"They named me after the sea nymph who kept Odysseus captive, not Harry Belafonte or Jacques Cousteau's boat," I explained briefly. The Lazars are a little different. We even have our own curse words. I'd tried to conform to more common standards at one time, but the Lazar in me always won out. So here I was, seeking auric clues, with a talkative tantrica on my massage table.

"Cool!" she squeaked.

Trica was just a tiny bit difficult. Keerups, she was more than a tiny bit difficult. First off, she had no real presenting issue. She just told me that her husband had committed suicide, and she needed some help. She wasn't sick physically. She wasn't even crying. And she wouldn't stop talking. She was a five-year-old in a thirty-year-old's body. And with that thought, even the glimpse of yellow in her aura disappeared from my perception. I tried to breathe in light and get my center back.

"Why did you use a cane to walk in here?" Trica demanded. I stroked her hair impulsively. Maybe I was right about her inner age, despite all the evident femininity rolled into her size-eighteen body.

"I have a weak leg," I told her. "Sometimes it buckles."

"But you're not using the cane now," she accused.

"No, I don't seem to need it when I'm focused on my clients," I told her.

I didn't tell her that my leg had been weak since my parents had been killed in an explosion when I was fifteen. Actually, my leg had buckled before I heard about the explosion, which was even stranger. Healer, heal thyself, right? But my fellow healers had convinced me that it was okay to have an occasionally weak leg, a memorial to my parents' death, and besides, it was getting stronger all the time. And, best of all, the weak leg allowed me to use a cane. Not very many people understand that a cane is a great weapon, but my brother York is a creative martial artist who has taught me the delights of what we christened "cane-fu." With cane in hand, I was Jackie Chan. As long as I had my glasses on, too.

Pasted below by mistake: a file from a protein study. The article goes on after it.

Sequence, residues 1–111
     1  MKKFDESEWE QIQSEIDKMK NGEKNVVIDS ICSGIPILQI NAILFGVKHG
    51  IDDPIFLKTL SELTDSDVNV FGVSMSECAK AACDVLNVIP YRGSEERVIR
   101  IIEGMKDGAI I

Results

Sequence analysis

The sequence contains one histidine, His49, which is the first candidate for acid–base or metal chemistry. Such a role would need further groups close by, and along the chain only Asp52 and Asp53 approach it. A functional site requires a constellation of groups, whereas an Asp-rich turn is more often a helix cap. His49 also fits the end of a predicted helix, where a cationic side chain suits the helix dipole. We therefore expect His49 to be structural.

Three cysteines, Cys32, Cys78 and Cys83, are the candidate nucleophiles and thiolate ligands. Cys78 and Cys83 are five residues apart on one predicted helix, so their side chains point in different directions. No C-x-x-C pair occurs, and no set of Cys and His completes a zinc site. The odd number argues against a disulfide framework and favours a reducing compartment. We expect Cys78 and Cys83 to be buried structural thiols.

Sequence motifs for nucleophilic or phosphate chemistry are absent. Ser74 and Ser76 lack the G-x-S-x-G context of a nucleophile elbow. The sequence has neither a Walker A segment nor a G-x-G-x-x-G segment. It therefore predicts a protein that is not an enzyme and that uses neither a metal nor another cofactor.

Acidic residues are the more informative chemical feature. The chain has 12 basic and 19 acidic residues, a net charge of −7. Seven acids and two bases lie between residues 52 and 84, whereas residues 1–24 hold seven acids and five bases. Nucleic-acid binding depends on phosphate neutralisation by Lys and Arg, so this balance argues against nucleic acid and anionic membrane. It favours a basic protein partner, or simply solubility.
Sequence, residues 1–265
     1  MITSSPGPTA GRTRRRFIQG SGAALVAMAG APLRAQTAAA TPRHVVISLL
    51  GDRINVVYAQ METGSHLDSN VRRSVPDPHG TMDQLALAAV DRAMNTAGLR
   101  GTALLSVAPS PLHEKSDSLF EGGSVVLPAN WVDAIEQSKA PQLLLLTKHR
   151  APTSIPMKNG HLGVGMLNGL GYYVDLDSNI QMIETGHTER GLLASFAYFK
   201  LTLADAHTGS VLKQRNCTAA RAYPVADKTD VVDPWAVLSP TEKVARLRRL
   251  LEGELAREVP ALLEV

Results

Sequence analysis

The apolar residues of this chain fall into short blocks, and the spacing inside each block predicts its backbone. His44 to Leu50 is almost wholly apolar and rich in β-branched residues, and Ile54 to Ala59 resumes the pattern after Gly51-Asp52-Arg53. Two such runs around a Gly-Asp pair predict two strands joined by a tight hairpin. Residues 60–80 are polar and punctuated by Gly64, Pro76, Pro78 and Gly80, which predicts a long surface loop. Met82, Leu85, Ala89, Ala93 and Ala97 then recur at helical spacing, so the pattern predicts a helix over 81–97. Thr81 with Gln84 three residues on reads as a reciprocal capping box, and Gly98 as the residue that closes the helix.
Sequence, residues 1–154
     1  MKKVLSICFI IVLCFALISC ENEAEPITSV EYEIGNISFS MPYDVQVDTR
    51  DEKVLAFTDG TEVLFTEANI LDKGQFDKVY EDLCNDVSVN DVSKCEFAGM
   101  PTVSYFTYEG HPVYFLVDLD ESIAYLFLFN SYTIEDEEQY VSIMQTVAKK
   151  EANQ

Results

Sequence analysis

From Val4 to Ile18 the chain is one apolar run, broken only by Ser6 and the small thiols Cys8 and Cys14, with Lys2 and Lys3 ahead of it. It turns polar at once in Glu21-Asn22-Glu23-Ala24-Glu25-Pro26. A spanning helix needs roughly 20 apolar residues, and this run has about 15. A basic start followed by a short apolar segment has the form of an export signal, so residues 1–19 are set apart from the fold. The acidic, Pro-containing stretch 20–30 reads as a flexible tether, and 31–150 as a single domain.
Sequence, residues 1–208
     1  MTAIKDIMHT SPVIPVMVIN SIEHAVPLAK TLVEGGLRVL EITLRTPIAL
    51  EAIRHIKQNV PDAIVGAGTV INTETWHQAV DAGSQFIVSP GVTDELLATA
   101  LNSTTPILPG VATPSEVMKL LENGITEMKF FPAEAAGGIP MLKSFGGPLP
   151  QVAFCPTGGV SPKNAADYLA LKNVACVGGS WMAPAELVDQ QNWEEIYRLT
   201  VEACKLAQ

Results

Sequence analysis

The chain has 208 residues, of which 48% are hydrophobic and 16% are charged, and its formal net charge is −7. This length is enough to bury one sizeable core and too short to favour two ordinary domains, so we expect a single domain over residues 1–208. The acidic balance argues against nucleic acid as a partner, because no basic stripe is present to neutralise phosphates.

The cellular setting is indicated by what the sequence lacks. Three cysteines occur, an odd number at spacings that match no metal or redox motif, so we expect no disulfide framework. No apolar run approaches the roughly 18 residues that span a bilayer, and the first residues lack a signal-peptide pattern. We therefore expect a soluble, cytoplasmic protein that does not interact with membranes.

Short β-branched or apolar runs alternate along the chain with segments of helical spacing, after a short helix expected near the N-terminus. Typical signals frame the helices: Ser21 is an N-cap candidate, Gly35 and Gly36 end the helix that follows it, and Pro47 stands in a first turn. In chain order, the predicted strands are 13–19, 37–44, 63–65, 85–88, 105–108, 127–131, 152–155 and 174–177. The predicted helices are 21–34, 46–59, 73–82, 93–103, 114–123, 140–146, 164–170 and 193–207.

"The guys at the intimacy workshop are always going on about focus," Trica told me. "But I have a hard time focusing, do you believe it?"

I kept the smile off my face. Yep, I believed it. "Anyway, all that intimacy stuff is really tantra. They're just afraid people will think they're into orgies or something, like some of the other tantra groups."

"But they aren't?" I asked, not really sure for all of Trica's verbiage just what had gone on when her husband had committed suicide. Orgies? Intimacy with illegal drugs? Listening too long to Trica?

"Oh, no, the group wasn't into orgies," Trica assured me, shaking her head sadly. "Seeger, you know, my husband, or um... whatever he is now, he just wanted to have fun, you know. He always complained that he worked too hard at The Sensual Body, you know, the shop that he and Aileen owned. But Aileen did most of the work anyway. Seeger was thinking of opening a winery. I guess he won't now, huh?"

"No, I guess not," I said seriously. I put my hands on Trica's temples. There was something endearing about Trica. I can find a core of goodness in most people I work on, and I was finding hers now.